Even with impersonation, ASP.NET still uses its regular identity to access configuration information. Otherwise, the application wouldn't function properly. For example, most users don't have access to files such as the machine-level machine.config file, which contains information on configuring all ASP.NET applications.

So, why wouldn't you want to use impersonation, if it offers a convenient way to control access? Recall that managing permissions with ACLs can be troublesome. Often you'll want to implement another method of authorization, such as URL authorization. Also, to use impersonation, you need to use IIS to authenticate your users, which is a necessity some would rather not deal with.

Do Don't
Do use impersonation if you don't want to spend time writing ASP.NET code. With impersonation, you only need to set IIS authentication and manage the ACLs. Don't use impersonation if you'd rather build the authentication system yourself.

Enabling impersonation is very simple. You just need to add a single line to the web.config file:

 <configuration>    <system.web>       <identity impersonate="true" username="user" password="pw" />    </system.web> </configuration> 

The only required attribute is impersonate. Set it to True to enable impersonation, or False otherwise. The optional username and password attributes specify that ASP.NET should always impersonate a certain user, rather than the IIS-authenticated user. This is useful if all users should have a defined set of permissions that is, if no one user will have more permissions than another.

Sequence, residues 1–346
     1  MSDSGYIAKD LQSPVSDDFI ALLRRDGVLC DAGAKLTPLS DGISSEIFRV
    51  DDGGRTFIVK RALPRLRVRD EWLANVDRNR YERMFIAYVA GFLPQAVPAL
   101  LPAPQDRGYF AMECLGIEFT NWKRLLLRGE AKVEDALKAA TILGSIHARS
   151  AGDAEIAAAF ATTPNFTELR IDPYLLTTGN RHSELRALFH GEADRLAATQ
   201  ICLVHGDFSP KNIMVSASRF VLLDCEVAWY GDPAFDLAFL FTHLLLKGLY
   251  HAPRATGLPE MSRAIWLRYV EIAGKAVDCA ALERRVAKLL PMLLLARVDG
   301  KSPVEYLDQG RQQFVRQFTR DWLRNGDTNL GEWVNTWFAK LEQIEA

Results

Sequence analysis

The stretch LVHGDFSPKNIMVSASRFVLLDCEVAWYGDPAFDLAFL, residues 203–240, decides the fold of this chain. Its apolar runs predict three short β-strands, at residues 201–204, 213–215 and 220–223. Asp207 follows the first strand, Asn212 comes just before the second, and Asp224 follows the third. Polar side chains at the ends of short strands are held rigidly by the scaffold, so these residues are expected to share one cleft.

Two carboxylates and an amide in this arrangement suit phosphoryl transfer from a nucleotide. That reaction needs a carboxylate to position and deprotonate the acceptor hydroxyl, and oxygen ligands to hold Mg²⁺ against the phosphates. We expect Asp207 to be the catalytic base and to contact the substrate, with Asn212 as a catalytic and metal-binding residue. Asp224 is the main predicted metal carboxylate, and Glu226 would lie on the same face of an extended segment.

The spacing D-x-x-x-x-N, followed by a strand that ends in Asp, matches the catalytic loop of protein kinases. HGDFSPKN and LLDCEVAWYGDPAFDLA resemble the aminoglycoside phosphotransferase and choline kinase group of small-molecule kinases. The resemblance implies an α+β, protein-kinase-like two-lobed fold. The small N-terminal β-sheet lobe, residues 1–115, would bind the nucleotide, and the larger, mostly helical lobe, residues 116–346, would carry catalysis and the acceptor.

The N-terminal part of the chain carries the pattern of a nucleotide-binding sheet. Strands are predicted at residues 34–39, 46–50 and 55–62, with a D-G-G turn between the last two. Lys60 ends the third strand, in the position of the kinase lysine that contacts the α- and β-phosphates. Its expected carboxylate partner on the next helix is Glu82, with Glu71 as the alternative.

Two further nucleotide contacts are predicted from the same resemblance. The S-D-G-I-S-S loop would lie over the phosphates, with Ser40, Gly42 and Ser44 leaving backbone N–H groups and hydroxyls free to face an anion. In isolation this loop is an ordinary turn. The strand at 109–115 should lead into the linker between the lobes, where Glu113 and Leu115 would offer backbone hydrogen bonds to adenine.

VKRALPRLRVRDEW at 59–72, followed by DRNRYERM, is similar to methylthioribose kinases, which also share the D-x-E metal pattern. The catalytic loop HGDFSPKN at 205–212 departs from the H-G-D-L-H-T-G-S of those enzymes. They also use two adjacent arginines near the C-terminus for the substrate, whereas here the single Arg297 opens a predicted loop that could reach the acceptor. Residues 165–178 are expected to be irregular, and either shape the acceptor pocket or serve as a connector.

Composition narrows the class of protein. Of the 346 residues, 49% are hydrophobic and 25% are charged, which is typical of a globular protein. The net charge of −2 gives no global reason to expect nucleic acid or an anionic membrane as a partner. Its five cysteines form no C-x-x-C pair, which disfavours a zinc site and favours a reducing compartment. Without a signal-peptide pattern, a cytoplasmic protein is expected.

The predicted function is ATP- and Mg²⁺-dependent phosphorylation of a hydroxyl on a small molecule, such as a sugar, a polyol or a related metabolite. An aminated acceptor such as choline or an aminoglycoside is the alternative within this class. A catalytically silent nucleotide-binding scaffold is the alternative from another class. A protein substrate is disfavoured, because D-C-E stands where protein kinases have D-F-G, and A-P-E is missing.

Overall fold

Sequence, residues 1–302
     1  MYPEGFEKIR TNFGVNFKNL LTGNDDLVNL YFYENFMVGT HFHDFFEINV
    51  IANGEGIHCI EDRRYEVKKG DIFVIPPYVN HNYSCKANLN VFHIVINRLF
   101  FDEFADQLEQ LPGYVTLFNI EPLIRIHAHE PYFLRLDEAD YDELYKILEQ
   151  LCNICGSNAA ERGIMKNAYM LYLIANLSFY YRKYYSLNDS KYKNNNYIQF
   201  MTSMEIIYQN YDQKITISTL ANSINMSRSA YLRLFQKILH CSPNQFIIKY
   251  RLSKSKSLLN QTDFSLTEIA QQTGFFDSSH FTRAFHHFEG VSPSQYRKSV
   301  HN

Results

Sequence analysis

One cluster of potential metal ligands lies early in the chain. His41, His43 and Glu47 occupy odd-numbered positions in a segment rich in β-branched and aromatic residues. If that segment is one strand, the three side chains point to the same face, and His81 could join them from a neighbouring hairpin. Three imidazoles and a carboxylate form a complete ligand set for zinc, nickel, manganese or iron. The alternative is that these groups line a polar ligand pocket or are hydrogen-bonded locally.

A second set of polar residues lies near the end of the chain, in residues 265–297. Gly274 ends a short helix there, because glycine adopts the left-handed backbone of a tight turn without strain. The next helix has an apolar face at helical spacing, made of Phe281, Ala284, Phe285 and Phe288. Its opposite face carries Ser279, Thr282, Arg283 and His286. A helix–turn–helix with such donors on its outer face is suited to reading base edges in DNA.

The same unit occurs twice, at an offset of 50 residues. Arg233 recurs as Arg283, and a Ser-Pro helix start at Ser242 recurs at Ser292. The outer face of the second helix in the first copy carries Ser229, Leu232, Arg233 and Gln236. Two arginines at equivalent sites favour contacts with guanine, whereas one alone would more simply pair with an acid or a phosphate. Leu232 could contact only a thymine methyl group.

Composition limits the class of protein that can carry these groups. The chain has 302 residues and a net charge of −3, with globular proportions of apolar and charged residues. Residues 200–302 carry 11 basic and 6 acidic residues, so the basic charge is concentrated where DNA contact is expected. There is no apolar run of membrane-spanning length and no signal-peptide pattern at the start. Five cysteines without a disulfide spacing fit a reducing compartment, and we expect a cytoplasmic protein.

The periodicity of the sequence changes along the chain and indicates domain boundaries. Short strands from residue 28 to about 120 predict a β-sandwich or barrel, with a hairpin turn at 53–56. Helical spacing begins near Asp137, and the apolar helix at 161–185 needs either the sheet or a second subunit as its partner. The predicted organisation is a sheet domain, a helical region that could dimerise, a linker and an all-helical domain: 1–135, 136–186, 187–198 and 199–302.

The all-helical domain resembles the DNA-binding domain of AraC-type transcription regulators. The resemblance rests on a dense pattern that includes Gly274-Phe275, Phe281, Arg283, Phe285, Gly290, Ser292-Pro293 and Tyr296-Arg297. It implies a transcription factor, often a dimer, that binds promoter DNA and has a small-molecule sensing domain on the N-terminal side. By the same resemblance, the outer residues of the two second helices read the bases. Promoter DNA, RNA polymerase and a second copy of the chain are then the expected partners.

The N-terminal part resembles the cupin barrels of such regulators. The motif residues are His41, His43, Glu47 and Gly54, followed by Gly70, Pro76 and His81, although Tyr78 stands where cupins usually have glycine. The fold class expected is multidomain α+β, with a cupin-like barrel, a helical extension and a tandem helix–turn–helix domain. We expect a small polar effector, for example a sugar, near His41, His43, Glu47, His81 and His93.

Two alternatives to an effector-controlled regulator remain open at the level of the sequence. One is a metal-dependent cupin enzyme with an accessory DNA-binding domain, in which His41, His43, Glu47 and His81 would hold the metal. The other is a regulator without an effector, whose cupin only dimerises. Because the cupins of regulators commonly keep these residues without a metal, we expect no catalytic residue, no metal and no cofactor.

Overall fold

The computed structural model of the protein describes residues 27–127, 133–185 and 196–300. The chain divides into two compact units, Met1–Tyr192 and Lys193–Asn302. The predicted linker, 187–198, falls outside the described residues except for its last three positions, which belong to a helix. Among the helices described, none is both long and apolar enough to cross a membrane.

For example, suppose that you have many Windows identities, all of which should have the same permissions. Due to the time required to manage the ACLs for each file and user, you've set the correct permissions for only one user. Now, any of these users can be authenticated through IIS, and they all can impersonate the one user that has the correct permissions, thus saving you quite a bit of time.

Another example would be if a user identity resides on another computer on the network domain. After a user is authenticated on the server machine, ASP.NET could impersonate an account on a separate machine, which might have different permissions than the authenticated user. This simple setting will allow ASP.NET to impersonate an incoming user and use the Windows ACLs to restrict access.


    Sams Teach Yourself ASP. NET in 21 Days
    Sams Teach Yourself ASP.NET in 21 Days (2nd Edition)
    ISBN: 0672324458
    EAN: 2147483647
    Year: 2003
    Pages: 307
    Authors: Chris Payne © 2008-2017.